BY Kenneth Harvey
February 24 2010 12:25 PM ET
Last year University of Southern California graduate student Mitsuyo Miyazaki embarked on a journey back to Japan to mark the 10th anniversary of her grandmother’s death. As the family gathered, a stack of long-lost photos turned up, showing her grandmother, Tsuyako, with an unknown woman. After looking a little closer, Miyazaki knew that her grandmother once loved this woman.
“Her gaze and gesture spoke of something that transcended friendship,” Miyazaki said. “She couldn't touch who she wanted to touch; she couldn't kiss who she really wanted to kiss.”
Tsuyako eventually married a man, but Miyazaki remembers her grandmother’s bitterness about the marriage. With talk of how she never wanted to marry her husband, Tsuyako constantly threatened to leave her family behind.
“Had she not made that sacrifice, I would not be here,” Miyazaki said.
To honor her grandmother, Miyazki and classmate Michelle Peerali are making the trek to Japan to capture Tsuyako’s story, which takes place in the aftermath of World War II, in an eponymous feature film. The pair, both in their last year at USC, talk about taking on this major project.
The Advocate: This project is your graduate thesis film, the final project you will submit before graduation. To add more to your plate, you’ve opted to retain the rights to this film, but you have no financial support from USC. What has that been like for you?
Mitsuyo Miyazaki: We chose this path because this is something we will be doing in the professional world and this will be a great opportunity to get our hands dirty.
Michelle Peerali: It's pretty much along the lines of independent filmmaking — working from the ground up. We basically have to raise everything when it comes to crewing, equipment, and location.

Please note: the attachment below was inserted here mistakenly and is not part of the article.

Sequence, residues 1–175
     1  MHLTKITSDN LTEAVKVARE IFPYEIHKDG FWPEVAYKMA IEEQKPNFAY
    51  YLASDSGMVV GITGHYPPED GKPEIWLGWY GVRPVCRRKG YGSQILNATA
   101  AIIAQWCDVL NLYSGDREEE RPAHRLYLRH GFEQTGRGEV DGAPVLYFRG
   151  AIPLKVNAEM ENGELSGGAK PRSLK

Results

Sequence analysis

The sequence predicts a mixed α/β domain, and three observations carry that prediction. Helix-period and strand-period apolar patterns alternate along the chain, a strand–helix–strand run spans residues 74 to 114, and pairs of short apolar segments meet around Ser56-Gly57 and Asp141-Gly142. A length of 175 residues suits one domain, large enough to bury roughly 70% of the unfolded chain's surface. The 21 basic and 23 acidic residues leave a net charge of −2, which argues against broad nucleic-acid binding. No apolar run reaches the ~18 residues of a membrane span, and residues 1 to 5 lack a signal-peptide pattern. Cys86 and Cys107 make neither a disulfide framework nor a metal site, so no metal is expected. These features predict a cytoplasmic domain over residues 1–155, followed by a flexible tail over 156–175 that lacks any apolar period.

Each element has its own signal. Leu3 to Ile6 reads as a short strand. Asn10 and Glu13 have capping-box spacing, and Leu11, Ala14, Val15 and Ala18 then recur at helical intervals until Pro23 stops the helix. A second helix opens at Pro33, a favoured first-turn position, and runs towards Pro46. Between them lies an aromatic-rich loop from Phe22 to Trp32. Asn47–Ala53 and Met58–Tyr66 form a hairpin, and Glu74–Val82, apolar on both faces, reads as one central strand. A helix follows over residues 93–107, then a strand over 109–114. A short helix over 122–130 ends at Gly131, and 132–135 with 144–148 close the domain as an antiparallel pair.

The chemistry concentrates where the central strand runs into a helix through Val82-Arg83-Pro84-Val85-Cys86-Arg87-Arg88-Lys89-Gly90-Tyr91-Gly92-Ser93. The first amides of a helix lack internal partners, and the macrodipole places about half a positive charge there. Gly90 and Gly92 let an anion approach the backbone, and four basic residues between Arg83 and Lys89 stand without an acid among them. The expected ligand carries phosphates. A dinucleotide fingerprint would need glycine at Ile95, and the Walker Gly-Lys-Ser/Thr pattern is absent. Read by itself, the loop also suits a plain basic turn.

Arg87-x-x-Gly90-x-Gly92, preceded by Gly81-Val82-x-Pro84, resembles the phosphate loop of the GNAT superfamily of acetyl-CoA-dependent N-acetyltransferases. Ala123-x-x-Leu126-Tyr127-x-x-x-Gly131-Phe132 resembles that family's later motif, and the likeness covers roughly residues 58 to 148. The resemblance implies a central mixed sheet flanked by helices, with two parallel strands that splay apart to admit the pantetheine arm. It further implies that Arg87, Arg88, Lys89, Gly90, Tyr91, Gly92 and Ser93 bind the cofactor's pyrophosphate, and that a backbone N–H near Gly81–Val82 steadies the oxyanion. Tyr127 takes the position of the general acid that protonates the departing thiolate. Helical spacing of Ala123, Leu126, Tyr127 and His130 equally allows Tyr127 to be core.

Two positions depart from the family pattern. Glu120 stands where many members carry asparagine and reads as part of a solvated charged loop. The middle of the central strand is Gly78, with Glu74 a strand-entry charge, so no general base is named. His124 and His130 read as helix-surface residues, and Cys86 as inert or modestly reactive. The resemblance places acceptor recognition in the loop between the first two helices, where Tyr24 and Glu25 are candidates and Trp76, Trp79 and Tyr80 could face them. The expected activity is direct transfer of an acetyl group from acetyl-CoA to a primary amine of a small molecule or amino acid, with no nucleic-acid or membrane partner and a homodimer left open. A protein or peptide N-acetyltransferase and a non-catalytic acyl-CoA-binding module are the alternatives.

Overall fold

Mitsuyo, you’re the director of this film, while Michelle, you serve as a producer. How did you two meet?
Peerali: The first day of class we realized we were with the same agency in Los Angeles. We bonded because were going to auditions while going to film school. I just instantly bonded with Mitsuyo because of her personality and because of how passionate and creative she is as a human being. She’s very comfortable to be around. As a producer, who wouldn’t want to be around that sort of person?
What was your grandmother Tsuyako like?
Miyazaki: My grandmother was someone who never wore a skirt. She always wore jeans, a polo shirt, a frumpy hat, and huge glasses with a chain wallet hanging from her side while smoking cigarettes. She would be 90 years old if she was alive. My grandfather used to do a lot of photography, and in none of the photos she smiled. She was this tough cookie that was bitter about life and sometimes talked about how she didn’t want to marry my grandfather and was always ready to run away from the family.